Germany’s central bank laid out detailed proposals on Monday to place more of the costs of future eurozone debt crises on struggling governments and their creditors, rather than on taxpayers in other member states.
The proposals, outlined in the Bundesbank’s monthly report, envisage handing new powers to the bloc’s ?500 billion ($551.52 billion) bailout fund, the European Stability Mechanism, and changing the terms of government bond contracts.
The German central bank said it is concerned that the ad hoc arrangements established to fight the bloc’s recent debt crisis aren’t enough to eradicate risks to financial stability.
Eurozone countries including Ireland, Greece and Portugal sought help from other member states and their taxpayers in recent years to refinance government debt or bail out their banks. As the debt crisis spread, national governments created a range of new tools and institutions to fight it, including the Luxembourg-based ESM and, later, a single eurozone banking supervisor housed within the European Central Bank.
The Bundesbank argues that the bloc’s ability to handle future debt crises needs to be strengthened further, even in the absence of any agreement to move toward a full-blown fiscal or political union in the euro area.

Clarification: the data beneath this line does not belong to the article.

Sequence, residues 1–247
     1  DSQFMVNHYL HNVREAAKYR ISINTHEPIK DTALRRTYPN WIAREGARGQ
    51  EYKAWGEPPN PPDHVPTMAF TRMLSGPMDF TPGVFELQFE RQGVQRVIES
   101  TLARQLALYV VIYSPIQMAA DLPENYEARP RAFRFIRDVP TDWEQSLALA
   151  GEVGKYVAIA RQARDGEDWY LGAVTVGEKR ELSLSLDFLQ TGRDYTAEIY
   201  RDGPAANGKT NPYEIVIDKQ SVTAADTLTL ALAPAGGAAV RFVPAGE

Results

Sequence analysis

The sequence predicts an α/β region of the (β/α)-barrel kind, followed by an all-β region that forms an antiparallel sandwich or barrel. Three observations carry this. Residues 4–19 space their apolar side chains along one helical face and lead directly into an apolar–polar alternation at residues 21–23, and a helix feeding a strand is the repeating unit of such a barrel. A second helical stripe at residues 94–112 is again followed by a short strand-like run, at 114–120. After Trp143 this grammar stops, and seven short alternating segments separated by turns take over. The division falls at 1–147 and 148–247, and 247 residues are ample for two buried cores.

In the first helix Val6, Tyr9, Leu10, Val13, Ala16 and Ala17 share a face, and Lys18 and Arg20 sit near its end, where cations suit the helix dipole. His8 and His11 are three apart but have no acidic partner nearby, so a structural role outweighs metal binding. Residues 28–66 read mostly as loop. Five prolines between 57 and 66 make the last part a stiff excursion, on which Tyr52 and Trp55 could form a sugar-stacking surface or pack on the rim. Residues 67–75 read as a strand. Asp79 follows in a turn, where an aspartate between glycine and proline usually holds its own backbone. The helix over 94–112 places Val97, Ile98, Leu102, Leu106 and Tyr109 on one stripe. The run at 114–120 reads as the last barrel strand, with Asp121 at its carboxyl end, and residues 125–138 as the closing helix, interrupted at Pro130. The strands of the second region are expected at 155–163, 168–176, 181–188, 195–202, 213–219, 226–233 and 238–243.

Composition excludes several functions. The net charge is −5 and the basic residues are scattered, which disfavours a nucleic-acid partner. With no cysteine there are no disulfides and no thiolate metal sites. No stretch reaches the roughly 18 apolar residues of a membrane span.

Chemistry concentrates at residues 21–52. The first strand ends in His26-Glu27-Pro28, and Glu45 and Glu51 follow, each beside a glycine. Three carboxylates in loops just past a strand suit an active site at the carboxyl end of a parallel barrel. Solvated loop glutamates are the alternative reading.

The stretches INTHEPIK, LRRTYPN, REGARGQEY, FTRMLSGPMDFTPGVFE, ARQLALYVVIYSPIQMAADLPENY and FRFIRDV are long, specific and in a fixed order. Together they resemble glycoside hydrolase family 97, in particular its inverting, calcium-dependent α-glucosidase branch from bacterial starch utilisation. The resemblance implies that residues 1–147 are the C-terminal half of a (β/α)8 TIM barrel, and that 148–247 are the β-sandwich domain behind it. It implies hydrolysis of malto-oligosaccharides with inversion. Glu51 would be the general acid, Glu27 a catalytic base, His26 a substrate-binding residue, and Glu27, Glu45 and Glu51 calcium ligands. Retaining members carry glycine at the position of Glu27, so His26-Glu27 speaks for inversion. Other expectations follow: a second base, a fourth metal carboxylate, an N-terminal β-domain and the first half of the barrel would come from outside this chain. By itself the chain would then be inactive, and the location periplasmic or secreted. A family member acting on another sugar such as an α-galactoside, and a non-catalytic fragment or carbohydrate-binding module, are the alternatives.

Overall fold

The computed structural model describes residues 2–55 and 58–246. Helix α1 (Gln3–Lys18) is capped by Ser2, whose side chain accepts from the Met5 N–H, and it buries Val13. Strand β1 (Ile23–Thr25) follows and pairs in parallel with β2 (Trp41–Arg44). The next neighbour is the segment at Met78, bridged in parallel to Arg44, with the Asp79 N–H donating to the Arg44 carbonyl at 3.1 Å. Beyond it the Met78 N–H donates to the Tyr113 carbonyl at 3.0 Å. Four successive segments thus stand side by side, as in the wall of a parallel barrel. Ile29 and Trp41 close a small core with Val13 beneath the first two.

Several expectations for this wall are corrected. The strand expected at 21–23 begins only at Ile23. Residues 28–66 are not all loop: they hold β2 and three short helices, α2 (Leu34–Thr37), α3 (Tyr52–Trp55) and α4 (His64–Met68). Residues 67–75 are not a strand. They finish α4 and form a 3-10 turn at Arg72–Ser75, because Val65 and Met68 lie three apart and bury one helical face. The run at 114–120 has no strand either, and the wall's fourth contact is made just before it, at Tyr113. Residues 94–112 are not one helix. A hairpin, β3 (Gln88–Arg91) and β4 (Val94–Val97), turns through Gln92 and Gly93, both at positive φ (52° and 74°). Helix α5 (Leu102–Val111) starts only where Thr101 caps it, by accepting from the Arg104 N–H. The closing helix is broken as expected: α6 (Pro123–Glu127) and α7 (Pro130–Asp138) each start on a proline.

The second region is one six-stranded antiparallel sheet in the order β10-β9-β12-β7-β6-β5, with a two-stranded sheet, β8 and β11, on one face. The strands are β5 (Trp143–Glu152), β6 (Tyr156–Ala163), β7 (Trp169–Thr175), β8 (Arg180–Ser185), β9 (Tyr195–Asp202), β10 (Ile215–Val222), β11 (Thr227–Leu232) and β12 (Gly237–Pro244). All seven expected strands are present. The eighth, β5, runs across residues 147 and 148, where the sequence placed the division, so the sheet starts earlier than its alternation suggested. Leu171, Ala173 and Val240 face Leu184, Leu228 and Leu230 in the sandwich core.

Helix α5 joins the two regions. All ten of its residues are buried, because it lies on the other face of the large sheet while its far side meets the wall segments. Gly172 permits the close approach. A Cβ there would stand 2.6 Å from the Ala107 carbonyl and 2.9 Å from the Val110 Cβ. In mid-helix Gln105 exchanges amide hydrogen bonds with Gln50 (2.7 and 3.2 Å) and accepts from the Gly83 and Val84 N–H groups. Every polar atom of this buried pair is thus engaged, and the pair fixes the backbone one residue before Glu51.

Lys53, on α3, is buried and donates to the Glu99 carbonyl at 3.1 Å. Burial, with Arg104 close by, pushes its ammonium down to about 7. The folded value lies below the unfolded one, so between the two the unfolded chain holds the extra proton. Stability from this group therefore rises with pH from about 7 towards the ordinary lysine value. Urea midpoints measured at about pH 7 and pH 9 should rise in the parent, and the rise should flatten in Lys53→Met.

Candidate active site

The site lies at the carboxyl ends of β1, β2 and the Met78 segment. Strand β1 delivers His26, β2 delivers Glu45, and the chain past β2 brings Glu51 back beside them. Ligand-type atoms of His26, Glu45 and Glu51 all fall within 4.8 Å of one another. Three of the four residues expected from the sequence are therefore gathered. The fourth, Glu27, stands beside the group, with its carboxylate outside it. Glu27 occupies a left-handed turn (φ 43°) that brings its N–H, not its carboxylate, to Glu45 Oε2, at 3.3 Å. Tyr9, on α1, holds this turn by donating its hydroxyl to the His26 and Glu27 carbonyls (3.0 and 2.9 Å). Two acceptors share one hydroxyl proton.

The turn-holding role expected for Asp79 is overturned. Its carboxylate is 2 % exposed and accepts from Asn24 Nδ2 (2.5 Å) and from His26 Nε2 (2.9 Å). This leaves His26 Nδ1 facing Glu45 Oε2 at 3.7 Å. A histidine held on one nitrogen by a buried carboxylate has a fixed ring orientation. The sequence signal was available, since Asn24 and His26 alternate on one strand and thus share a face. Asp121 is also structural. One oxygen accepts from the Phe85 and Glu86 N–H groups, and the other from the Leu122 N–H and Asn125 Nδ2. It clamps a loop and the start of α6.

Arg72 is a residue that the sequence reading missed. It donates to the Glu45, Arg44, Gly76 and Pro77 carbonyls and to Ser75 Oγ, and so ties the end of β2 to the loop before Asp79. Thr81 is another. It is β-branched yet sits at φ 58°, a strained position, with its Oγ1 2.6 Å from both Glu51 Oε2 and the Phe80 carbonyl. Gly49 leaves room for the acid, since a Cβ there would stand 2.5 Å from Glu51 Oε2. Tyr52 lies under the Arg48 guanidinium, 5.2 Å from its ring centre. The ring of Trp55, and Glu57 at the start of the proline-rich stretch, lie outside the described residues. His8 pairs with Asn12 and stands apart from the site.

It proposed that the ESM be given new powers to coordinate any future debt crises to accelerate any debt restructuring and make the process more transparent. It also suggested that the ESM be given powers to oversee government budgets and enforce the bloc’s fiscal rules, which are currently exercised by the European Commission in Brussels.
The German central bank also reiterated earlier proposals to insert clauses into eurozone government bond contracts that automatically extend their maturities by up to three years if a government seeks assistance from the ESM. That would boost the firepower of the ESM, since it wouldn’t need to pay off existing bondholders, and ensure investors bore more of the costs, the Bundesbank argued. It proposed that a qualified majority of all bondholders should be allowed to approve a debt restructuring, rather than a majority of the holders of each bond issue.
The extent of political support for such changes is unclear. Most or all eurozone countries would need to give their approval, which seems unlikely given the reforms could lead to higher borrowing costs for peripheral governments, as creditors took into account the increased risk of the investment.
But the Bundesbank argues that the final impact on government bond yields is “unclear” because its proposals would accelerate any restructuring process and create clarity for investors.